The Unlikely Activists

Wall Street’s criminal recklessness and its impact on millions of people across the country is making activists out of an unlikely selection of people.

Making Banks Pay

Since early 2010, the Alliance of Californians for Community Empowerment, or ACCE, and its members have examined the role of Wall Street banks in our economy and in our lives as we have waged campaigns to reduce foreclosures and “make the banks pay” for the havoc they have wreaked on our communities. We spent time looking into the issue of Wall Street money and its influence on California politics. Through this process our members have come to understand that community organizations with ambitions to build power in order to achieve some measure of economic, social, and racial justice need to spend at least as much or more time taking on the corporate elite — the shadow government behind the elected officials who we try to hold accountable — as we currently spend fighting “city hall.”

Organizers often look for the intersection between a “hot” base or constituency — one that is ready to move — and a strategic campaign that has the potential to deliver wins and build power for our communities.

Increasingly, many of us look for opportunities to wage campaigns that shift the narrative from blaming government, unions, immigrants, and other scapegoats to forcing big banks and big corporations to be held accountable for fixing the crisis they created. Right now, we have an opportunity to tap into peoples’ anger and go on the offense with a campaign that goes after a central culprit — Wall Street.

Since mid-2010, ACCE has been working with partners such as PICO California and various SEIU locals to build a coalition campaign, now called Refund California. This campaign advances interim solutions to reduce foreclosures, raise revenue, and stabilize neighborhoods, while organizing and building a movement with others to hold banks accountable and reform the financial system. Similar efforts are being mounted across the country and being linked together as a national campaign, called New Bottom Line (see p. 8). Our longer-term goals are nothing if not ambitious. Our only chance of success is through a national movement to hold Wall Street accountable.

In California, our campaign is a fight for fairness.

  • Fair Share: Advance local and state policies that make banks mitigate the costs incurred by the foreclosure tsunami and pay their fair share in taxes. This includes enacting “bank blight” ordinances that fine banks $1,000 per day for failing to maintain vacant properties that they own. There is also a proposed state foreclosure tax, currently stalled in the legislature, that would have banks/servicers pay $20,000 per foreclosure to help reimburse local and state government and schools for the fiscal impact of the foreclosure crisis
  • Fair Finance: Get Wall Street banks to cancel or renegotiate the interest rate swap deals that are ripping off many cities, school districts, transportation districts, and the state.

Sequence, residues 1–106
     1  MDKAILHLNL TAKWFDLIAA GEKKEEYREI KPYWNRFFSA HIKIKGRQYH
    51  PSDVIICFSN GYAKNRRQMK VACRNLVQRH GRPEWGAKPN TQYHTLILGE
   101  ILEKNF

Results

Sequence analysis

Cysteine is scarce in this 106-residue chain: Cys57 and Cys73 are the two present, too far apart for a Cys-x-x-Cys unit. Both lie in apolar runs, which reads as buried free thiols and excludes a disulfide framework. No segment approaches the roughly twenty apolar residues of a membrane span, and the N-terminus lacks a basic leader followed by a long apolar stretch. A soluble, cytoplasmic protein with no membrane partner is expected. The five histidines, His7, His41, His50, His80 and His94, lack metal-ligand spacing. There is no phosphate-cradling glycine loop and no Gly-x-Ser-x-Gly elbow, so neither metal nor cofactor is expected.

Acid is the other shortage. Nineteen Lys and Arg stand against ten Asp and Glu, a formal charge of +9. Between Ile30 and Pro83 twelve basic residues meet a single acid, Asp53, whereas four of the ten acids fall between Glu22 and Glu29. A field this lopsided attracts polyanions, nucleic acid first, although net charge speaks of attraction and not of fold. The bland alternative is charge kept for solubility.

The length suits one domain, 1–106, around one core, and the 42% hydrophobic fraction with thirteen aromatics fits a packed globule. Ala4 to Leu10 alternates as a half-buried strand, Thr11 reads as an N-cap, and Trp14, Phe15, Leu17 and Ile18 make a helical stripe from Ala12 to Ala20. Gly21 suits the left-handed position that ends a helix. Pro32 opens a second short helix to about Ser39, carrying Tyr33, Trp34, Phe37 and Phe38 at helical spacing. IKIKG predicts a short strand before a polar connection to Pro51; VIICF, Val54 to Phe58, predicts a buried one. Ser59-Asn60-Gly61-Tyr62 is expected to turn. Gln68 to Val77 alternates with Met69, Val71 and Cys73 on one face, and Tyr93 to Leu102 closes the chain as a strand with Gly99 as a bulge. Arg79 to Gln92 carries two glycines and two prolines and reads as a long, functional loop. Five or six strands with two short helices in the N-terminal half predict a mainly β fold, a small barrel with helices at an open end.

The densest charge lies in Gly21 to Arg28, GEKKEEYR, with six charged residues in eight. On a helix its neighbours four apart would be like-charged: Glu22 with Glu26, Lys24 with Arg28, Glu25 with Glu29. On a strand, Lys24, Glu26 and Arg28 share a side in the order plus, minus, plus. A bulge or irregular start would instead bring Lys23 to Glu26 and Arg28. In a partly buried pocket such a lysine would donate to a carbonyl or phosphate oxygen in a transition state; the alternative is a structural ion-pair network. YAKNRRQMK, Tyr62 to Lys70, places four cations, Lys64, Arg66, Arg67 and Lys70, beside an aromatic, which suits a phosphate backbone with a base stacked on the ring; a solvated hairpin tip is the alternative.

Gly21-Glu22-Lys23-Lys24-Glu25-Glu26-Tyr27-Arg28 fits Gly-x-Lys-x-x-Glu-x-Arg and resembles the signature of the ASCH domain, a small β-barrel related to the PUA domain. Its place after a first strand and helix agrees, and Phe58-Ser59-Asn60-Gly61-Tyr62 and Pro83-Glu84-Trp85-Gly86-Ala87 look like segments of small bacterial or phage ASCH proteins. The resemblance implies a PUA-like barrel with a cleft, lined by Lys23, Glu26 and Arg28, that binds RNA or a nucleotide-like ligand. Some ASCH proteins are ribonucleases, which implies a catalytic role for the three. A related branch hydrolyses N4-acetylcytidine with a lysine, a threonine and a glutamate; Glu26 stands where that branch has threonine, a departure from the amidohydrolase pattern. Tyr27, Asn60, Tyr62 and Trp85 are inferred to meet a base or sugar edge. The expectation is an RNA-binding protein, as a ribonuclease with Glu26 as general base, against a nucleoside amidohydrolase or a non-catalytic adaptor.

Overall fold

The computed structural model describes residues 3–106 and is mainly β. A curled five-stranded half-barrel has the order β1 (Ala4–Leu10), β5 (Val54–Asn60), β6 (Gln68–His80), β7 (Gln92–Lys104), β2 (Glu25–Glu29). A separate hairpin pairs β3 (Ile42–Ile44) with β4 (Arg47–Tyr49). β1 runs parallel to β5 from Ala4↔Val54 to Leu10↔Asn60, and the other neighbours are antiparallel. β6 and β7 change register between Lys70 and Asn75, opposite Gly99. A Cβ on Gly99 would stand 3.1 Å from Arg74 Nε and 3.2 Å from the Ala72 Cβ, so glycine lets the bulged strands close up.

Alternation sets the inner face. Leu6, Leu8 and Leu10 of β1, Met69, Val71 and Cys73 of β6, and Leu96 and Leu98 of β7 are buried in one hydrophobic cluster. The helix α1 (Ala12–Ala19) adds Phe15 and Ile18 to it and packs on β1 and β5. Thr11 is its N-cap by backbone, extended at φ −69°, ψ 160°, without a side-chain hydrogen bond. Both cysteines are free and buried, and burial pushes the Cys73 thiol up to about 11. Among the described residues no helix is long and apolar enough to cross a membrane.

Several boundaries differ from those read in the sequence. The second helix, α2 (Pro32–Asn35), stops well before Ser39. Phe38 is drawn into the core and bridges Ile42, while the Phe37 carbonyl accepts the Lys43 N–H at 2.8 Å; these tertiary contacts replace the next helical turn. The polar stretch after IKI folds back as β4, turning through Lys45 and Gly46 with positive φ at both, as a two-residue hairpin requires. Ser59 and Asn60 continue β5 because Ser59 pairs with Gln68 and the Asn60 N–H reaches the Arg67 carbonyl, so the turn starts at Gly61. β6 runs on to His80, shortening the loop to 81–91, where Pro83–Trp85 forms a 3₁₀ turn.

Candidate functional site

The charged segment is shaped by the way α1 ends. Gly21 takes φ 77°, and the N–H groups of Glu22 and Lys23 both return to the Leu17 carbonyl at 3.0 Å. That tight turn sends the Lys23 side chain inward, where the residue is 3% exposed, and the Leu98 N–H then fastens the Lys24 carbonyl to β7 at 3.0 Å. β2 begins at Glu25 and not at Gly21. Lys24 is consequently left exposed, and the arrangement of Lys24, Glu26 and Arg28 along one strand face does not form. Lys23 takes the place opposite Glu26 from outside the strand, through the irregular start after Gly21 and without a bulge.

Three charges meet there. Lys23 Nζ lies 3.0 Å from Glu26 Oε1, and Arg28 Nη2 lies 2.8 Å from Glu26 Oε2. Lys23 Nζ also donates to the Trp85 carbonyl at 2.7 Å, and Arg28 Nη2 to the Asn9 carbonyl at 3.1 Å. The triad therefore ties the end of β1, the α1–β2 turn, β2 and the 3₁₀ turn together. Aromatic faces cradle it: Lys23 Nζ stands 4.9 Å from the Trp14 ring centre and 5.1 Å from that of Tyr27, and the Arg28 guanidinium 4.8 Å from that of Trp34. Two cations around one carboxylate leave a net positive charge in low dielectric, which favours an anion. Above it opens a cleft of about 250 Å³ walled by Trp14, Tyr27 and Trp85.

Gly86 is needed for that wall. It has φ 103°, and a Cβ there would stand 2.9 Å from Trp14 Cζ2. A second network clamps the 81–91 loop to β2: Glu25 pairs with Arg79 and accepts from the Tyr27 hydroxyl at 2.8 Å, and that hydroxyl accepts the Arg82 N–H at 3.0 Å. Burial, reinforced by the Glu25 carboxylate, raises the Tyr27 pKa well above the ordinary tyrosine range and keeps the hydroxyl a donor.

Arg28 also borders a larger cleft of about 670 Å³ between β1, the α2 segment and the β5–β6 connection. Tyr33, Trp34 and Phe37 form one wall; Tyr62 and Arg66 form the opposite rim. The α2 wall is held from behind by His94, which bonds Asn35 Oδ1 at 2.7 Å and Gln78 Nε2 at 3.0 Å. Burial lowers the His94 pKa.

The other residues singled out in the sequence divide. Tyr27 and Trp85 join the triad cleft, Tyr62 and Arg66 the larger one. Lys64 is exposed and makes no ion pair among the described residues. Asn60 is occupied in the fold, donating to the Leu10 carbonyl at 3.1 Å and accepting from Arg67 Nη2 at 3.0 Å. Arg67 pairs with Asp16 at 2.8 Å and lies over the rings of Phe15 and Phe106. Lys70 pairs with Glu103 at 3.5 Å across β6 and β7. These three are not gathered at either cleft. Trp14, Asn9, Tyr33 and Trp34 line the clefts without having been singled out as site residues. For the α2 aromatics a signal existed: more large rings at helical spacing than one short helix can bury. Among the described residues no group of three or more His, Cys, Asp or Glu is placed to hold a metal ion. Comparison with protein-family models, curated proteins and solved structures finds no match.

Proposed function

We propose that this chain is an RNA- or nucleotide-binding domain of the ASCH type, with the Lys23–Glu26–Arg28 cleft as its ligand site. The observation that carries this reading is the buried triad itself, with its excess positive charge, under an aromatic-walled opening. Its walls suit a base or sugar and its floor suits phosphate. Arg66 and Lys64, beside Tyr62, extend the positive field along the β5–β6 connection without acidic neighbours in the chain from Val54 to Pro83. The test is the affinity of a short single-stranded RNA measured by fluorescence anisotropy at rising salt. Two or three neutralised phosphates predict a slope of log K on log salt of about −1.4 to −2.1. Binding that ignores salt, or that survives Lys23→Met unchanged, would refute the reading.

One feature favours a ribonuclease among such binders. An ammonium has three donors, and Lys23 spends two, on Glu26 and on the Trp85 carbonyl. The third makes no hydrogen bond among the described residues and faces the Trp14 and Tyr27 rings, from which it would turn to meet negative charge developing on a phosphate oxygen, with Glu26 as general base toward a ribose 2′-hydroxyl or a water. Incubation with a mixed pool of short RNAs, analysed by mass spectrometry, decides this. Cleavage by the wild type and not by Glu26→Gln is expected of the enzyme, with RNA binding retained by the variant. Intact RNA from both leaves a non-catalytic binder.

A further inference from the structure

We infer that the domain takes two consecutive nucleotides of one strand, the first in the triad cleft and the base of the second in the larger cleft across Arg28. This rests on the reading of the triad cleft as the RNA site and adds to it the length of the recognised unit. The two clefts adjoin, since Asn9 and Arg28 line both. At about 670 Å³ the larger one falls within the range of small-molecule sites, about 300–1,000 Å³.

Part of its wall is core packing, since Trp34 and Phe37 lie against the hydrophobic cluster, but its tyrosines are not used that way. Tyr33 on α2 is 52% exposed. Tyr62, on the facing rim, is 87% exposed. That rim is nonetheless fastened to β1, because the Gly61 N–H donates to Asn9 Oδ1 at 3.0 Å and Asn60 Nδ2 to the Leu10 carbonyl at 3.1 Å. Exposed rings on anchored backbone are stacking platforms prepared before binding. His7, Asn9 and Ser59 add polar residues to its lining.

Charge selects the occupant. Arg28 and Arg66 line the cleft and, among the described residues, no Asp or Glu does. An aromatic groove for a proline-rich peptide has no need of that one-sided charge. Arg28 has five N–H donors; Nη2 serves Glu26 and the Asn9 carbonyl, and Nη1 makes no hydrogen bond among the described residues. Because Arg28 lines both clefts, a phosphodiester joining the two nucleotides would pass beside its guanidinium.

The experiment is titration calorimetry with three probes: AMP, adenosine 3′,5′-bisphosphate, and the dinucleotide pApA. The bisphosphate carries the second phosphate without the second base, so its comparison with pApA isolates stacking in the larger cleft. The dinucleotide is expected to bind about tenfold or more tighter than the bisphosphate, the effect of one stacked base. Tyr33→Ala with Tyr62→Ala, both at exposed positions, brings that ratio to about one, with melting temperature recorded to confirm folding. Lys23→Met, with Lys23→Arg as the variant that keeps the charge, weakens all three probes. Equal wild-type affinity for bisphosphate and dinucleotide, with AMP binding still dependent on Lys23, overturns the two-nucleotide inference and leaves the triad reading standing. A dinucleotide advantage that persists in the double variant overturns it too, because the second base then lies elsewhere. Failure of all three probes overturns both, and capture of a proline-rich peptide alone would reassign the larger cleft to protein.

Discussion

• Fair Lending: Demand that banks use principal reduction as a standard loan modification strategy and that they clean up their loss mitigation process.

In addition to taking our demands directly to the banks, we have been working on three goals at the state government level: passing state legislation to prevent the practice of “dual tracking,” where a bank moves forward with the foreclosure while the borrower is still in the middle of negotiating a resolution with the bank; pushing the state attorney general’s office to include principal reduction as part of the 50-state settlement being negotiated; and securing a court-based mediation program that brings banks before a retired judge and helps to enforce fair loan modification negotiations. The program currently only exists in Orange County, leaving the rest of the state’s homeowners with no form of due process.

To work on all of these goals, the Refund California campaign is starting with a strategic organizing process. We aim to build a large base of struggling homeowners who move into escalating direct action on banks and in support of the agenda, develop the knowledge and leadership capacity of core activists and build a broad and diverse coalition both locally and statewide. Working with this organized base, we are putting direct pressure on targeted corporations, including escalating actions by homeowners and supporters, divestment by cities and major shareholders, exposing the issue of bank influence over politicians, running local and state policy campaigns to get elected officials to stand up to the banks, and turning our agenda into campaign issues during electoral season. We are also implementing a strong communications plan that brings statewide, if not national, attention to the coordinated local activities across the state and helps to make the role of the banks in rebuilding California a major topic in the news.

We’ve had a number of victories:

  • ACCE, together with SEIU and PICO, passed ordinances in Los Angeles, Oakland, and Richmond that have the potential to bring in millions of dollars in fines on banks for leaving vacant, blighted properties in our neighborhoods.
  • Our campaign partner SEIU Local 1021 got the city of San Francisco to push JPMorgan Chase to renegotiate an interest rate swap deal, saving $43 million and insuring that a major cultural landmark — The Asian Art Museum — remained solvent.
  • In both Los Angeles and San Francisco counties, assessors collected some $15 million each in additional funds from property taxes after ACCE, SEIU 721, and SEIU 1021 pushed them to reassess bank properties that had changed hands.
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Amy Schur is the executive director of Alliance of Californians for Community Empowerment.


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